If you are gambling to cope with the stress of the holiday season or gambling to try to make extra cash for the holidays, it may be time to sit down and evaluate your gambling. 

If you think gambling is negatively affecting your life, you may notice some of the warning signs in yourself or a loved one. Gambling can be easy to hide from your family and friends, but the stress and anxiety of hiding can take a toll on you, have you experienced:

  • Gambling with increased amounts of money to get to the desired level of excitement.
  • Becoming restless and irritable when you try and cut back on your gambling.
  • Thinking about gambling all the time.
  • Planning for the next time you gamble or thinking about ways to get money to gamble.
  • Gambling when you are feeling stressed and anxious.

Recognizing these warning signs can be the first step in reaching out for support. If gambling is adding to your holiday stress, there is help available.

The Western NY Problem Gambling Resource Center 716-833-4274 is here to help. Visit to be connected to the resource center closest to you. Do not let the stress of your gambling ruin your holiday season. Reach out today and be one step closer to a healthy holiday season.

Spirit of St. Nicholas alive and well at Bethlehem Walk

By Joanne Beck


Dan Dedo St. Nicholas
Dan Dedo of Batavia, aptly fills the role of St. Nicholas during the Bethlehem Walk Wednesday evening at Batavia First Presbyterian Church. 
Photo by Joanne Beck

When tapped to play St. Nicholas for the Bethlehem Walk Wednesday evening, Dan Dedo didn’t cut any corners.

His wife made him a lavish suit of a metallic gold vest and a long hooded, red crushed velvet cape, and he wore a thick white, curly-haired beard and carried his own tall wooden staff that a friend had made for him. His hat, purchased with a gold cross on the front and back resembling that of a bishop, completed the outfit. 

Being unfamiliar with St. Nicholas, Dedo also did some research so he would be prepared for his duties during the event at Batavia First Presbyterian Church.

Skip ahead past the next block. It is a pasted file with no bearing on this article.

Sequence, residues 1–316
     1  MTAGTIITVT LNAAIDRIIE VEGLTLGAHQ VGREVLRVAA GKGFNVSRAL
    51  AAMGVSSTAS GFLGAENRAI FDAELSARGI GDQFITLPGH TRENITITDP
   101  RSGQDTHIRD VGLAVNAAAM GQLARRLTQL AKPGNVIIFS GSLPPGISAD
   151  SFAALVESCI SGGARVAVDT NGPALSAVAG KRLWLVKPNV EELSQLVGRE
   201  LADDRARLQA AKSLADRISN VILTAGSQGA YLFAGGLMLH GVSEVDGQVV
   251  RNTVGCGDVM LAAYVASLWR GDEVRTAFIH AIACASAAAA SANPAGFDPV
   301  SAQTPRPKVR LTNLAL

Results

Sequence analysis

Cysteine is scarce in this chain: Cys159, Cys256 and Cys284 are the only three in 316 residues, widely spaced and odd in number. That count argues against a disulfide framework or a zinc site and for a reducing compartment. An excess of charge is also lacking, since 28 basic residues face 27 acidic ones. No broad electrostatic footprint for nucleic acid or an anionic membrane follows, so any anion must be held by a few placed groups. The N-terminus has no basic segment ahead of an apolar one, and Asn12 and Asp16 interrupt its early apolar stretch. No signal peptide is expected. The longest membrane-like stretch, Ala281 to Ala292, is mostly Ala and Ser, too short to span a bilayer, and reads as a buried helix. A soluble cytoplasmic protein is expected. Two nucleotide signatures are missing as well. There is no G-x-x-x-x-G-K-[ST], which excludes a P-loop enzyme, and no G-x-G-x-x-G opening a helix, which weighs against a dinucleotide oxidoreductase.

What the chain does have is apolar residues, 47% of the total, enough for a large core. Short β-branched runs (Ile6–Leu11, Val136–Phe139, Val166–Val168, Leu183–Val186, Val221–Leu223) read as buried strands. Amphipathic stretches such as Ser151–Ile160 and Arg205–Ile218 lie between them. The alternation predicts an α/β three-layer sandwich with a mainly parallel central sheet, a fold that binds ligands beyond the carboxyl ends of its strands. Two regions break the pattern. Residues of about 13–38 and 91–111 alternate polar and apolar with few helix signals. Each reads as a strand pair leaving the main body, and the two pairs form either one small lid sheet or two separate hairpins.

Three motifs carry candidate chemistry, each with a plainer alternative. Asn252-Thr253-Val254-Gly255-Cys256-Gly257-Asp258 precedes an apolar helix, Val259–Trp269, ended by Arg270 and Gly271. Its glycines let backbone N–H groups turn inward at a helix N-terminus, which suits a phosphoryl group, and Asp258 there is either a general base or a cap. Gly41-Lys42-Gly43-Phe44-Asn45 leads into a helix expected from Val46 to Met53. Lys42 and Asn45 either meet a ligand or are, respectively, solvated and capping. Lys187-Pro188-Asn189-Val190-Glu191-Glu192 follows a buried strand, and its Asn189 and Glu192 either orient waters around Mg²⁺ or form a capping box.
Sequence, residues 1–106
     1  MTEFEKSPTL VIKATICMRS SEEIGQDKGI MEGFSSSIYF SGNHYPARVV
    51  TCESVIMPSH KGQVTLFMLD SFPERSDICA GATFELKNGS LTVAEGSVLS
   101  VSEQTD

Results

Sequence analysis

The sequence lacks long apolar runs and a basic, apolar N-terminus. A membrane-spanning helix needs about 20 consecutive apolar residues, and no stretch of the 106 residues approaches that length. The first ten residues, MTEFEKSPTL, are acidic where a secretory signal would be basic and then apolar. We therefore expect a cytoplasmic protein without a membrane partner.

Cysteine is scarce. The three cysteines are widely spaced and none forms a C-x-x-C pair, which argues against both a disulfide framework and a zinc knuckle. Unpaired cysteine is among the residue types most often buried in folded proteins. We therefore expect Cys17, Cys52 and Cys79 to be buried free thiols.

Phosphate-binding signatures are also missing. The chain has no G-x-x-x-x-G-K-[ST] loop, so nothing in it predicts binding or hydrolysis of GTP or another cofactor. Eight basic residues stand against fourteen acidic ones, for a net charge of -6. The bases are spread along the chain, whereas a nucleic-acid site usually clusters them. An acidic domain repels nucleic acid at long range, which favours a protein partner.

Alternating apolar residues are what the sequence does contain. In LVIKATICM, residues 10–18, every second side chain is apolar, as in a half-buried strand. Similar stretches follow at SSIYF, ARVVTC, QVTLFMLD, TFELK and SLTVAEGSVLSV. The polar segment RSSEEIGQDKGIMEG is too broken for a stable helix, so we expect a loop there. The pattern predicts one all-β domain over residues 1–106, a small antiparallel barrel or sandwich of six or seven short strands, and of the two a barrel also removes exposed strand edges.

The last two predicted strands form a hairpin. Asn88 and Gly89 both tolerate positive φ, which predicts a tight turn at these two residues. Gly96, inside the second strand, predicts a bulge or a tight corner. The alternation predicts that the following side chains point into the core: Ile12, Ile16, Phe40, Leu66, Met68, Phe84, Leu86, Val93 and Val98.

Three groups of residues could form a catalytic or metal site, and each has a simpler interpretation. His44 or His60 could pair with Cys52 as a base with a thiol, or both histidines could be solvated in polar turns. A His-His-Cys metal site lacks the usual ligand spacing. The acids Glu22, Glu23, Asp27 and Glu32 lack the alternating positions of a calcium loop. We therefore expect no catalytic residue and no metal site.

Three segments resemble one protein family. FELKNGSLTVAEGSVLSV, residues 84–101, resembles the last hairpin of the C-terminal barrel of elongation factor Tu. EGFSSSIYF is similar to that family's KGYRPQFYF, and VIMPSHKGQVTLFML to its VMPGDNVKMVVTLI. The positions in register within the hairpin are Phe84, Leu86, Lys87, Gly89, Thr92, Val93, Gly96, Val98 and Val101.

No matter how long ago St. Nicholas originated, he still has a lesson for the modern-day world, Dedo said.

“It reminds everybody that it's a season where we should all be kind and generous to those in need and that St. Nicholas was that way throughout the year, which we have to remember, too,” he said. “So I enjoyed learning about him.”

St. Nicholas, who in later decades has been called St. Nick, served as the inspiration for Santa Claus, who is said to travel by way of sleigh and reindeer to rooftops and climb into chimneys to deliver his gifts to strangers’ homes. Dedo learned about his much earlier existence.

“Well, I was given a book that I read for everybody here. And then, I did some research online. St. Nicholas was born in 200 AD in what is now Turkey. His parents were rich; he became a priest in the Greek church, and his parents died and left him all their money. And St. Nicholas gave all the money to people in need: the sick, the hungry, people that needed housing,” Dedo said. “And there's a story about an old man with three daughters. And to get married in those days, you had to have money for a dowry. And they had no money, and the old man was worried about his daughters. So St. Nicholas heard about this, and at night, he threw a bag of gold through the window of the house. And they were overjoyed. And she was able to get married, then the middle-aged girl came of age to get married. And he did it again, he threw another bag of gold into the house. 

“Now, when the third daughter was old enough to get married, the old man was waiting to find out who this generous person was. And St. Nicholas liked to give anonymously. So he climbed up on the rooftop and threw the bag of gold down through the chimney. And the girl had hung her socks and stockings to dry under the chimney,” he said. “And the legend has it that the bag of gold fell into the stocking. And I mean, he inspired a lot of generosity and kindness on the part of other people. So we still remember him to this day for that reason.”

The event venue had tables full of nativity sets — collections on loan from Laura Dommer and Liz Saleh, plus a few others brought in from other church members — and hot homemade soup, decorated sugar cookies, music, children’s games and lots of mingling. 

Sheryl Maier and her daughter Tallulah were browsing a table of nativity scenes, and it didn’t take long for Tallulah to spot her favorite one.

“I like this one,” she said, pointing to a puzzle nativity. “I like doing puzzles, and I like doing puzzles of baby Jesus.”